Big Boulder: Bourbon & Boots at SXSW

Derek Gottfrid of Tumblr

This past 2013 SXSW, Gnip brought out the big guns so to speak. We held our first SXSW event, Big Boulder: Bourbon & Boots, on Monday at Malverde for more than 200 of our awesome customers and publishers. We were lucky enough to have Derek Gottfrid, VP of Product, interviewed by our Chris Moody, Gnip’s COO.

You can check out our photos from Big Boulder: Bourbon & Boots on Facebook or check out our Storify with Tweets, Instagrams and Vines of the event!

We were also able to attend several great sessions related to social media and social data, and our notes from the sessions are below!

Building Tools for Creativity 
David Karp of Tumblr

David talked about creating Tumblr as a “hacky tool” because he had tried all of the tools and wanted a better way to express himself on the web. After creating the tool, he was surprised that within a week there were a few thousand people using it.

One aspect of Tumblr that has always amazed David Karp is how its users have defined its use. With the reblogging button, it created a whole community that wasn’t about creation but rather curation, which is a huge part of Tumblr’s identity. When they made panoramas from the iPhone easier to share and more presentable on Tumblr, they found a bunch of new immediate use cases. Jamie Beck created the cinemagraph, a gorgeous and more dramatic GIF. One person shared whole boards from a video game he was designing.  You can’t predict how people will use new Tumblr features but how they will use it will surprise you.

David also perfectly captured a trend on the web, “Images are first class citizens and everything else is a distance second on the web.”

Real-Time Marketing

David Teicher, Ad Age; Bonin Bough, Mondelez International (makers of Oreo); Steve Doan, Oreo; Gary Vaynerchuk, VaynerMedia; David Berkowitz, 360i; Albert Chou, Expion

Gnip was lucky enough to be invited to this private, invite-only panel held by Expion, and it was definitely a favorite by those who attended. This panel focused on real-time marketing and was from the group that brought us the much talked about Oreo Super Bowl real-time marketing.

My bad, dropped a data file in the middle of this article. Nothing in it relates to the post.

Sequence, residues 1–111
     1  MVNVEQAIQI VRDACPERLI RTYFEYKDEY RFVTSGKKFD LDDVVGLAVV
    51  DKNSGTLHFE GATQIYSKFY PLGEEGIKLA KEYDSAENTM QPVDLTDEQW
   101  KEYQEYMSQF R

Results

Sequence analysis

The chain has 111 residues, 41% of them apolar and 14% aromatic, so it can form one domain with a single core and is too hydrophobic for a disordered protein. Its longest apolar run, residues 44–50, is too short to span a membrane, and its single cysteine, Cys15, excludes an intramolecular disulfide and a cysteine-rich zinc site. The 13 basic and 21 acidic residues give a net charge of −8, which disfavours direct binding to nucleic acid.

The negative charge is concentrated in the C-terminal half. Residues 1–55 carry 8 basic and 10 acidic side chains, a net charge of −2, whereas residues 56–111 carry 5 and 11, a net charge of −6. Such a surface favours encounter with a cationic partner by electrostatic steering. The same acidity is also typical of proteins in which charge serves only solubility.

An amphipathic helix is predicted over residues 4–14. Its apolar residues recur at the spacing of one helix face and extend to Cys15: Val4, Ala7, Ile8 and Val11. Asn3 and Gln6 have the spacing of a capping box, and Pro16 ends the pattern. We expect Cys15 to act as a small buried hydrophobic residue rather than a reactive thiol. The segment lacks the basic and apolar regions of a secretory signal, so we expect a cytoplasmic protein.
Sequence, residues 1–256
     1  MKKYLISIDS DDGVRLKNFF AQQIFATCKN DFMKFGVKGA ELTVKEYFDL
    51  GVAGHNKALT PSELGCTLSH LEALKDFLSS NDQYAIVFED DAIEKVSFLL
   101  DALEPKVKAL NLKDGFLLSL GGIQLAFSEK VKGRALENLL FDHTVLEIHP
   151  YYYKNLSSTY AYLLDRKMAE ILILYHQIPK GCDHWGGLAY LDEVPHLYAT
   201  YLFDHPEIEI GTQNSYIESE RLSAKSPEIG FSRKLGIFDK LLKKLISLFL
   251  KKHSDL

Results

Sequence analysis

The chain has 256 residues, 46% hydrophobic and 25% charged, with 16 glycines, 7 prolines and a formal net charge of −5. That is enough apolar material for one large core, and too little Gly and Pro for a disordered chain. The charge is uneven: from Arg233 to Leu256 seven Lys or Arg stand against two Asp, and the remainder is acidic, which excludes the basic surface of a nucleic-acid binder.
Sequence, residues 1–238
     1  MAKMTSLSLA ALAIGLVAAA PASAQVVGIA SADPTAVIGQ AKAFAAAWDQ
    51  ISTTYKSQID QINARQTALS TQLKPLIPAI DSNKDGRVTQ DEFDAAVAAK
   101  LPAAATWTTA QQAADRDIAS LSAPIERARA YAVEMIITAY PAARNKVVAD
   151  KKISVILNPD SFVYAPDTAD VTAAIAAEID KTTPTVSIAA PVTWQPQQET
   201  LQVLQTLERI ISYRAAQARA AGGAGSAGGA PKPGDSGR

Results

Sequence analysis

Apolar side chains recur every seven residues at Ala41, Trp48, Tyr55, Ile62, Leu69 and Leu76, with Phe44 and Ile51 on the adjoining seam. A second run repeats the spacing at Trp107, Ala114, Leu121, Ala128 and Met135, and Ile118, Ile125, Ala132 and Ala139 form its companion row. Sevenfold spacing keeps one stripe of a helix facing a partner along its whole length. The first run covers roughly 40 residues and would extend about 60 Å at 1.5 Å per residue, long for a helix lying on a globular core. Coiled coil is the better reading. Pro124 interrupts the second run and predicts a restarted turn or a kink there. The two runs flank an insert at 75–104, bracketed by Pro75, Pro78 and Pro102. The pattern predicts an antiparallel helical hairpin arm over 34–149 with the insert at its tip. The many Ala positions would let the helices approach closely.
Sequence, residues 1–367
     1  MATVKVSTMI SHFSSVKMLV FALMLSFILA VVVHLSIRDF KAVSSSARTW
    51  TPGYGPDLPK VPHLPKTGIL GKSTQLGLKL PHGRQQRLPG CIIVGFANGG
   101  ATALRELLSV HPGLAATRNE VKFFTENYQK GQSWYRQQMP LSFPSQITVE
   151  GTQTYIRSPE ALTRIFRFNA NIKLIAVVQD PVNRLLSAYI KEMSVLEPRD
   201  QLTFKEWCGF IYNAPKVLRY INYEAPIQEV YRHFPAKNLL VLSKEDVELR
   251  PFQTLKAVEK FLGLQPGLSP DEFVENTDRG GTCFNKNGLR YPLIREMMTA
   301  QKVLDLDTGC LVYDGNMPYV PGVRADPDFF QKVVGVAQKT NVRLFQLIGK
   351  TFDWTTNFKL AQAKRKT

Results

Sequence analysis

One area that really stuck out to me was when Bonin talked about how social media made the ROI of each marketing mix more powerful. That social media made their TV spend twice as effective, and that any marketer interested in ROI would want to make their spend 2X as effective. Marketers shouldn’t look to understand how much value they received for each Tweet but rather take a look at the ROI of the overall ecosystem.

Another aspect that really resonated was talking about how hard it is to measure traditional marketing and how much easier it is to measure social media. They talked about how advertisers are faced with a “pass-around rate” for circulation in case someone leaves a copy of Vogue on the bus. Or how unrealistic billboard advertising views are because as Gary mentioned everyone is also likely texting and driving and not paying attention to advertising. Social media ROI is easier and more realistic to prove.

To make real-time marketing work, you should have a willingness to prepare. As David Berkowitz pointed out to do real-time marketing you should ask, “What are you doing every single day of the year?” Gary also talked about from an agency perspective how frustrating it was for him as his clients didn’t move fast enough, which is a familiar problem for agencies.

This panel also brought up the point that using content for marketing purposes is nothing new. Michelin created the Michelin guide for restaurants and hotels once they realized people liked taking road trips. Or when Guinness had problems selling pints, they created the Guinness World Records. Now today it is companies such as Red Bull creating the content as part of their brand.

The State of Blogging 
Matt Mullenweg of Automattic and Kara Swisher of All Things D

This was a hilarious session about blogging, and was helped tremendously by Matt and Kara’s back-and-forth banter.

Matt talked about how he created WordPress because he wanted better software for blogging and was frustrated by what was on the market at the time. Creating WordPress was a “happy accident.”

When asked about whether social networks were hurting blogging, Matt told the audience that social networks had breathed a second wind into blogging. Social networks drive significant traffic to WordPress sites. Matt also mentioned that different social networks create different ego boosts for different reasons and Kara told him that he needed a dog.

Matt believes that WordPress might not have the most users, but that they have the best users. It offers a lot of flexibility and power for serious bloggers. WordPress continues to grow year after year and much of that growth is organic. Matt thinks they’ve beat out other competitors by understanding personal publishing better than anyone else.

One area that Matt sees that WordPress needs to improve upon is their WYSIWYG editor and that the experience there and on mobile could be so much better.

Matt is always trying to think about how people will be digesting content 18 months from now, so right now he is thinking about how Google Glass will change the content experience.

Matt also talked about what makes a good blog post and emphasized that pictures can really create a better reading experience.